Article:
I think the Universe is trying to tell me something
It is a natural tendency to think that the Universe makes sense, that there is an order to it and that things happen for a reason. While some might argue that this is the natural inclination of the religious, it is also a firmly held conviction in science too. The answers to the question: why and how and who might be very different but the underlying belief, that sense can be made of the world around us, is shared.
In the case of religion perhaps, there is a desire to see the Universe as displaying a level of intention, of consciousness. A desire for the Universe to, like each of us, have an identity and a personality. Where in science, there is, perhaps, less of this.
(Although speaking with people in ecology and evolution is fascinating. For some of them, any and all observations, immediately merit speculation as to why and sweeping generalizations about the nature of the nature of life. Large conceptual jumps are made to the point where the conclusions are like "Just So" stories, origin myths, or creation myths. This seems to happen to a much greater extent than their colleagues in more reductionist branches of Biology who are bound by the demands of controlled reproducibility.)
Mind you, I have little success at making sense of it, myself. But I do feel the yearning for some understanding of the world around me and my place in it, a desire for a purpose and a sense of belonging. As a self-confessed superstitious person, I look for signs.
When I stand at the train platform, I think to myself that at that moment the City is either working with me or not. In moments when the subway doors open right in front of me, it is confirmation that the City is working with me. And in moments that it doesn't, clearly, the City is not.
Of course, it is more likely that the City is always uncooperative. Added to that, in actuality the positions along the platform where the subway doors open are pretty consistent. They have to do with the length of each car and the relative position of each door on the car and so on. Fate and the mysterious hand of the Universe have nothing to do with it.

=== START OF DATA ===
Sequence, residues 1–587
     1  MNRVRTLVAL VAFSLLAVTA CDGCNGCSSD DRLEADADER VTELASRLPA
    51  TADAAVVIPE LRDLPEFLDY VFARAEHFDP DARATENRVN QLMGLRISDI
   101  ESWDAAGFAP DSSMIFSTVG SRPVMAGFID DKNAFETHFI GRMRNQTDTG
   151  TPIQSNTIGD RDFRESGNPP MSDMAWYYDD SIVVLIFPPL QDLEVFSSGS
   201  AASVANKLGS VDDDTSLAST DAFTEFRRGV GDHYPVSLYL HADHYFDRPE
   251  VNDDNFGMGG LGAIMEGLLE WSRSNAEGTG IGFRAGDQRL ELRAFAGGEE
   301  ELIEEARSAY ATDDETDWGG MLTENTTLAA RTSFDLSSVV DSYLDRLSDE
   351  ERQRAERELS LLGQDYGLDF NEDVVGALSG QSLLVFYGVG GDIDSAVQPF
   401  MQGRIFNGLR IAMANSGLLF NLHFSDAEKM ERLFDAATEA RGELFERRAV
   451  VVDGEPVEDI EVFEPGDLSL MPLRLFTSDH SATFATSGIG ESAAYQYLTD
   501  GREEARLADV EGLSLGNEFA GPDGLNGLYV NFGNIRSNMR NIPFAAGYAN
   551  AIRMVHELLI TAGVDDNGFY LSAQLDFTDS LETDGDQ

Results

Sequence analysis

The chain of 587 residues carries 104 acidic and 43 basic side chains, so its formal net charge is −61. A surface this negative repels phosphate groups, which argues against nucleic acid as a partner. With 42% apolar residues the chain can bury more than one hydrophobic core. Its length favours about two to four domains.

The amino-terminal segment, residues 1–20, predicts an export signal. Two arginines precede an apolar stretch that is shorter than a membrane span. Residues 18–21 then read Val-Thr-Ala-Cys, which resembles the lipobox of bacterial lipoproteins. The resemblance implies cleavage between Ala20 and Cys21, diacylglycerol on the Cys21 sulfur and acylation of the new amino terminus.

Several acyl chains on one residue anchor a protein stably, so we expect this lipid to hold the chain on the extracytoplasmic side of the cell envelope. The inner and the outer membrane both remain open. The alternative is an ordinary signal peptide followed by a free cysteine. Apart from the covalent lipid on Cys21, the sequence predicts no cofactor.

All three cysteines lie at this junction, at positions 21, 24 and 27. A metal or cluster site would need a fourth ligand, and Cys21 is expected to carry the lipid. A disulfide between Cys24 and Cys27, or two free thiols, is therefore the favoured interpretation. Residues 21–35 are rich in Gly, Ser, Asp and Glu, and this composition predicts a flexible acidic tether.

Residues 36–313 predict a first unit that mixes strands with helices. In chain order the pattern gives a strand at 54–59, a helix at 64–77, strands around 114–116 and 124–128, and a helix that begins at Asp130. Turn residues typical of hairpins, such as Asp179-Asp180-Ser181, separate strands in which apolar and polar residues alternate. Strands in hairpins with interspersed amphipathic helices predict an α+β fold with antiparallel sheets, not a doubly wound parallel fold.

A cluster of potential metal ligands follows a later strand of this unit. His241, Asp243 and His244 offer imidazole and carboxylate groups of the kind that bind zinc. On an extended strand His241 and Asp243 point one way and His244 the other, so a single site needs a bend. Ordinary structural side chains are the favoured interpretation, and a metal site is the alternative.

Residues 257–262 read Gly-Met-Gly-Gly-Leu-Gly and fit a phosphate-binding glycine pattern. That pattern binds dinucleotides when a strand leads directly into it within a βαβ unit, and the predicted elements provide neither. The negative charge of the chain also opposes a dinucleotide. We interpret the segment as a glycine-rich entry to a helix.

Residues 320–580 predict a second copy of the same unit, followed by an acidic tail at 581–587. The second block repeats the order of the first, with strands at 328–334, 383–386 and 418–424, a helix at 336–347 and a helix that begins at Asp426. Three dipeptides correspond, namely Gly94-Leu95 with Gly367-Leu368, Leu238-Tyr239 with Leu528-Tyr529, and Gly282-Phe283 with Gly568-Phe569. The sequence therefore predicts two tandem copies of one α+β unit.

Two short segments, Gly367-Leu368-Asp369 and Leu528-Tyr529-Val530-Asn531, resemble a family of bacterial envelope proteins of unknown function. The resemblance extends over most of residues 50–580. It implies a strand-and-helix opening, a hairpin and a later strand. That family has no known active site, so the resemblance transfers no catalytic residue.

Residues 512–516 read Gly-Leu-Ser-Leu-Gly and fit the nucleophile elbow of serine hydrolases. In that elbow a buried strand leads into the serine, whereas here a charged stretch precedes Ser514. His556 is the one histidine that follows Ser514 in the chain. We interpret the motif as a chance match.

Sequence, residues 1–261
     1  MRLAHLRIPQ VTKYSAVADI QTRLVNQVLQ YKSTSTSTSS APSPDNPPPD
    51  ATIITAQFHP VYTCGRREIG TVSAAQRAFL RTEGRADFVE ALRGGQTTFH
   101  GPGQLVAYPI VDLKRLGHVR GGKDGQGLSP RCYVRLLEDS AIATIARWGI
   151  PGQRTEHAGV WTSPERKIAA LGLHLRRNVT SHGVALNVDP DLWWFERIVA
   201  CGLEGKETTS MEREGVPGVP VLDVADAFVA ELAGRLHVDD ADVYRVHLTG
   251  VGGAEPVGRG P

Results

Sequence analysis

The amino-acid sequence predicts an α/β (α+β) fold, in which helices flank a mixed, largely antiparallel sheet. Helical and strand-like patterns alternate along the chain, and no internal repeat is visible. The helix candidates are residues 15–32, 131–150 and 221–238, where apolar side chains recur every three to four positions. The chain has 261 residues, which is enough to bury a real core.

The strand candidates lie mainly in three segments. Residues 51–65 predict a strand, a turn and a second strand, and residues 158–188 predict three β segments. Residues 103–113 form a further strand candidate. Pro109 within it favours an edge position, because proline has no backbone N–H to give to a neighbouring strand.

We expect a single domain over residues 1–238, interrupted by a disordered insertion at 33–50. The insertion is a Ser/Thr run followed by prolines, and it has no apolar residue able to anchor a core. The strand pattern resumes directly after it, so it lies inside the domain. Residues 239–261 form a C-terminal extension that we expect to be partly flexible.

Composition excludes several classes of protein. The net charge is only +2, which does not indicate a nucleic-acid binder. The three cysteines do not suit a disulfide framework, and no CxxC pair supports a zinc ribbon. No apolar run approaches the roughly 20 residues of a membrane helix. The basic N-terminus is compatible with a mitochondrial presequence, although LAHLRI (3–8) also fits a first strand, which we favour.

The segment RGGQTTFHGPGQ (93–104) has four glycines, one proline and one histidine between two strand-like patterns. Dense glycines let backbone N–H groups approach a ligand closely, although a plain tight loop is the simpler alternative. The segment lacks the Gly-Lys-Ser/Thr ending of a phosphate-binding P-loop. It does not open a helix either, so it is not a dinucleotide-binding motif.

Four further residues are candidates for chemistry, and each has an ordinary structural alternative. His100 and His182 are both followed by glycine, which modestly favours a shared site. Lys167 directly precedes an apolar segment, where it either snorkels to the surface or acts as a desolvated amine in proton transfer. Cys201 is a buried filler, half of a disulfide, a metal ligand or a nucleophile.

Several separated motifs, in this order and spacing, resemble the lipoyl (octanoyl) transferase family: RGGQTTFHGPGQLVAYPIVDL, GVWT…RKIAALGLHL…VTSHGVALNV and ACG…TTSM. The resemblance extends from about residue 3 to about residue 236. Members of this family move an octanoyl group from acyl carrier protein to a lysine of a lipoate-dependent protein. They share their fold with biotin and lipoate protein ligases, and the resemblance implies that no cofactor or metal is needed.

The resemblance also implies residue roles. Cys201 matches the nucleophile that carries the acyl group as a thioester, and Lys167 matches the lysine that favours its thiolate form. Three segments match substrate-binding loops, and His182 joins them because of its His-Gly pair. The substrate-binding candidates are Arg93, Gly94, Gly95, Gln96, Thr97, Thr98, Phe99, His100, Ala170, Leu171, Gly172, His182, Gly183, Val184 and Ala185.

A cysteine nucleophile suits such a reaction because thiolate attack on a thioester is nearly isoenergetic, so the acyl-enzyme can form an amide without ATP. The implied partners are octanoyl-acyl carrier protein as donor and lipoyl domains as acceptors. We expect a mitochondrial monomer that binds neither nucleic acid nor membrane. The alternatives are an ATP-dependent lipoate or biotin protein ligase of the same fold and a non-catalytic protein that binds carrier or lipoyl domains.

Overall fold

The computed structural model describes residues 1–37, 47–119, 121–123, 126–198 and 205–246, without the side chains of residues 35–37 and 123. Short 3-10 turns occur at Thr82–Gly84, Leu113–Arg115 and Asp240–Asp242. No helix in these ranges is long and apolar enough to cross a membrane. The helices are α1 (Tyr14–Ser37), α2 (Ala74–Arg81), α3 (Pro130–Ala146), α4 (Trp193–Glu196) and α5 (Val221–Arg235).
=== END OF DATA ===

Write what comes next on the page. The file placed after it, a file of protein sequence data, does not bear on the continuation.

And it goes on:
I could figure out exactly where the doors will open for each car of a subway just by lining them up to key landmarks at each stop. And then the City would always appear to be working with me. Or more precisely, I would be working with it.
It is only a sign because I am looking for signs and am too lazy to approximate subway door positions relative to subway platform landmarks at the stops that I frequent.
But I digress. Yesterday, while walking home, I started to think about all my stuff. In particular about things that I have lost, tossed or left behind.
I lose things all the time. Clothes, books, CD's, money, time, boyfriends, friends, memories, documents, umbrellas. I used to lose my keys all the time (knock on wood). Sometimes they are misplaced. Sometimes they are left behind. Sometimes they grow legs and walk away.
In moving away from CU, I got rid of many things. I sold them or just threw them away. There was no time, I had no space. It was what had to happen. It was just heartbreaking.
In moving to New York, I brought two suitcases and a backpack. My parents drove out a few times and brought me things. A winter coat. A TV. Ten boxes of chicken flavored ramen. Twenty cans of creamed corn. And in living here I have accumulated some things - books, skincare products, socks, a CD here and there. There are days, though, that I miss my stuff. I forget the days that I spent in my overstuffed super cluttered place feeling oppressed by all the things that had no place, and me with no time to use them. They all sat around and reminded me of the things that I wasn't doing and the life that I wasn't living. Physical souvenirs of longing and regret. But oh, what a glorious life it would have been.
The other day, I discovered the loss of an entire email account containing ten years of emails from Grad School.
Before that, I had my computer hard drive at work catastrophically crash. Nothing was recovered. And my machine's contents were not backed up anywhere. Over a year of information and templates and archived documents and emails - gone. They were files that represented what I had done and learned in my first year in the corporate world. And the entire email correspondence between me and The South which I am sad to have lost.
I let the LYM use my phone with his SIM card which wiped some aspects of the memory of my phone. So I lost cute text messages from friends and my call record.
The desire to keep everything is combination of a poor memory and sentimentality and while I am loathe to admit it, perhaps a little stinginess too.
I think the Universe is trying to shove me out of dwelling on the past and into moving forward. Out of potential and into action.
What matters in the end is not what you have or how much of it you have. What matters is having what you need and having enough of what you need. The root of that is figuring out what you need, how much is enough, and how to go about getting it.